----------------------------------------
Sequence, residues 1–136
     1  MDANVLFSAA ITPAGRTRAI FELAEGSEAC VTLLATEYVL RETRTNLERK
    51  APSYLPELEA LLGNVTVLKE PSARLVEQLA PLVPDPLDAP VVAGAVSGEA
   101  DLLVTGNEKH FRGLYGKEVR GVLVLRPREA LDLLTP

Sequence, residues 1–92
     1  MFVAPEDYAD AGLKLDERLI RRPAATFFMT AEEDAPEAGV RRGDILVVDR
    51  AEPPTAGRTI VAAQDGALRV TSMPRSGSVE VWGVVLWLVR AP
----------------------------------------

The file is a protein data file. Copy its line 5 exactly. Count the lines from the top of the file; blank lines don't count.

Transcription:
Sequence, residues 1–92